TUESDAY, MARCH 19, 2019
Technology / Strategy
In late February 2019, Rightpoint hosted a Direct Marketing Association of Detroit event featuring a panel of experts in digital marketing to talk about Attribution. It was clear from the group’s conversation that Attribution can be complex in terms of both technology and people. Depending on the type of business you have, it’s importance and how much time you invest varies quite a bit.
Sales attribution has been a challenge for many companies long before digital became so prevalent. Sales managers often divide their prospects and customers by region. They often want to know what contributed to the sale the most so they can invest in what is working. Was it the trade show where the customer attended and learned about the product? Was it the persistent salespersons’ four phone calls? Or was it the advertisement in the business journal?
Nowadays, attribution is often defined by a set of touches users make (“events”) when they are on a mobile application, web site, social media account or other screen. These touch points eventually result in some sort of a conversion, or a sale. Some of these are more valuable than others so systems can assign weights to each of these events so some are more valuable than others. Attribution has become a lot more complex and sophisticated, especially for large companies with multiple consumer brands. They spend big budgets on Google, Facebook, Instagram, and rewards through loyalty programs amongst others, and marketers want to know what ultimately helps them sell products to you.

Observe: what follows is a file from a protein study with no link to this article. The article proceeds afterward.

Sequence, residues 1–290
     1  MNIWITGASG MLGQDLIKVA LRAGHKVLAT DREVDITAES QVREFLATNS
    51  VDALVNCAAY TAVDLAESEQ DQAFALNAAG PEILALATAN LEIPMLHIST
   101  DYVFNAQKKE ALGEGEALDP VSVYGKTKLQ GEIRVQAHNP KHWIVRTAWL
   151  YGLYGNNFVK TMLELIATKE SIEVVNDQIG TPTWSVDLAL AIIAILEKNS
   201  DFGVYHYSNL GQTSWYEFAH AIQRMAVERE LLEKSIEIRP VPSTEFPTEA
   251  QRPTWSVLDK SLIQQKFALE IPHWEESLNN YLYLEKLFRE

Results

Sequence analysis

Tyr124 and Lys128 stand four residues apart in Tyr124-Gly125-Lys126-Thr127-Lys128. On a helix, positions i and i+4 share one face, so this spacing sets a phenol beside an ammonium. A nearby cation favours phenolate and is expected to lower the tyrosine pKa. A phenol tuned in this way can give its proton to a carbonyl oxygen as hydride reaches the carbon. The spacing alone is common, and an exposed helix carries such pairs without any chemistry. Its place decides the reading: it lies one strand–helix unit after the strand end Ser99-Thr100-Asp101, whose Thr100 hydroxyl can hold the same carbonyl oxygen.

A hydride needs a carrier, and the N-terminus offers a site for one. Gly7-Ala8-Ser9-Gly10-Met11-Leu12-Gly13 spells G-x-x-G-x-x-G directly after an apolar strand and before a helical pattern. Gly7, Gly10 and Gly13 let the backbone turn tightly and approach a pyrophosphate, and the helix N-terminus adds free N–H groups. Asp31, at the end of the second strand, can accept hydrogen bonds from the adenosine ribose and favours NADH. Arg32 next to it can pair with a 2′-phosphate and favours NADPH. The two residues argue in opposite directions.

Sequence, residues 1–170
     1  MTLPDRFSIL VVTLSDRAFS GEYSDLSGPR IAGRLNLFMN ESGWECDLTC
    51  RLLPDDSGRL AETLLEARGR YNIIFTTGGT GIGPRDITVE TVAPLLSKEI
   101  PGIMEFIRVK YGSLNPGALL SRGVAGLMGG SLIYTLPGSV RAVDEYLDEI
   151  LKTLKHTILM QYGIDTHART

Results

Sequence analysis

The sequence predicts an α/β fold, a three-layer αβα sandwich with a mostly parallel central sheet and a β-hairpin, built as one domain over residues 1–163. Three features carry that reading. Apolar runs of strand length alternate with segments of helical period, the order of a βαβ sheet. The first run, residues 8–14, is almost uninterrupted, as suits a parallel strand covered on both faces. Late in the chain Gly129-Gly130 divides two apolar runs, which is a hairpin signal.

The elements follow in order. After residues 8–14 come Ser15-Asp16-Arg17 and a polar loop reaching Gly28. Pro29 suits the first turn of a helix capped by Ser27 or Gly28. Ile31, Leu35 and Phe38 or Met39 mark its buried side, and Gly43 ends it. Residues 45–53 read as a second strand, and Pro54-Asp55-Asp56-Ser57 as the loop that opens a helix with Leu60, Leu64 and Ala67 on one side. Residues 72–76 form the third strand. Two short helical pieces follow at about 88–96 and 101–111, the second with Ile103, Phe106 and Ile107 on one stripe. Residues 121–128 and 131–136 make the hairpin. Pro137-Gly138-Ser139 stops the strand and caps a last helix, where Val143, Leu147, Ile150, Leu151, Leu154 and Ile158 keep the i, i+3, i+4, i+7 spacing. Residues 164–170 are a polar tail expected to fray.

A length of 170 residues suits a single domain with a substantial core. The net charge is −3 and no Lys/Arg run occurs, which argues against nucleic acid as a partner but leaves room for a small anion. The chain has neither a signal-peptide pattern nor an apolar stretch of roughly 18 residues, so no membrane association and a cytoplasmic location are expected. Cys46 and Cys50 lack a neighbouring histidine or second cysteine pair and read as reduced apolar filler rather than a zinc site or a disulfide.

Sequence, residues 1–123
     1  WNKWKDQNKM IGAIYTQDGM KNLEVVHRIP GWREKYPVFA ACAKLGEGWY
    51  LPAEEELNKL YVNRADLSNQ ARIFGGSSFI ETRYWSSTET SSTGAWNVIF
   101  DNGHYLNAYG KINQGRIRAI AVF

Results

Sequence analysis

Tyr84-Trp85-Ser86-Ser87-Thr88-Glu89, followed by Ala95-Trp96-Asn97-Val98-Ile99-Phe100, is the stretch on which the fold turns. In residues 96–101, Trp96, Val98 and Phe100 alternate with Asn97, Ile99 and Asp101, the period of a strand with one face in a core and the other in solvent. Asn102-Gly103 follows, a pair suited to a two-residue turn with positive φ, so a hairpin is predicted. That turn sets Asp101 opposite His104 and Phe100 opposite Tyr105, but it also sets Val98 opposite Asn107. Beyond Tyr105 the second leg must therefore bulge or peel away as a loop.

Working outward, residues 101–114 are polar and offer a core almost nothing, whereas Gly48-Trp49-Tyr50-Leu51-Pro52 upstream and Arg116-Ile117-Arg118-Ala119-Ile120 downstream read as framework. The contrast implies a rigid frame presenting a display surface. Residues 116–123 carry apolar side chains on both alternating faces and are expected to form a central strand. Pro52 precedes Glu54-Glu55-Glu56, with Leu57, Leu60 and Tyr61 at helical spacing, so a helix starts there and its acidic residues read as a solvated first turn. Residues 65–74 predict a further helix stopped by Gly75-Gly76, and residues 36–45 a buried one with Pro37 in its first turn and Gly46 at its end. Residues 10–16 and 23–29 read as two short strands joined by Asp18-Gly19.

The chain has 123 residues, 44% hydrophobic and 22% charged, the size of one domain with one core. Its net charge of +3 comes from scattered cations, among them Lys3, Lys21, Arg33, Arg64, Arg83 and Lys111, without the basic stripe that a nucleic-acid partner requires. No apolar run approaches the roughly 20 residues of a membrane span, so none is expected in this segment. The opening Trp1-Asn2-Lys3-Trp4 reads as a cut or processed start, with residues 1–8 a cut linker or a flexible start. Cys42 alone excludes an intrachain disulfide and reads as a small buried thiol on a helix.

In order to measure attribution, you need to make technology investments. Consider these “layers of technology” that offer different types of value:
1) Your website. Your website can be a very powerful tool for sales and the enterprise level digital experience systems like Sitecore can help measure every action a user takes. You can see where and when people click that ultimately drives to a sale and optimize that model based on weighting these actions and measuring conversion.
2) “Smart” links and landing pages. When you advertise online or use email campaigns and direct prospects to your website, you can make the links that they click and the places they land “smart” so you know who clicked on what and where they went. As you gather data over time, you’ll learn what is working with these channels.
3) Data from third parties. When spending on social and other digital channels, they should be able to provide you some data about who touched what before they came to your business. These channels offer different types of data and think about attribution in different ways. Some third parties even have different attribution measures with different services. Google Analytics attributes credit to the last, non-direct action. Google Ads credits the last direct action.
Smaller businesses and businesses that sell B2B should be very focused and grow into their programs, making sure they have a purpose and an ability to measure success for everything along the way. Larger B2C companies shouldn’t fall into the trap of doing something just because their competitors are. They need to be able to measure what they’re doing to justify their spend.
Attribution will continue to change and require more attention as additional channels for being exposed to and buying goods and services evolve. When your smart refrigerator re-orders your gluten-free bread for you the day before you run out, does the device get credit? Or the commercial you heard while watching your favorite re-run on Hulu? Or the Facebook Ad?
Wondering if you’re ready to realize all of the potential value from your digital spend? Please contact us to schedule a complimentary consultation on your digital marketing strategy and/or martech stack.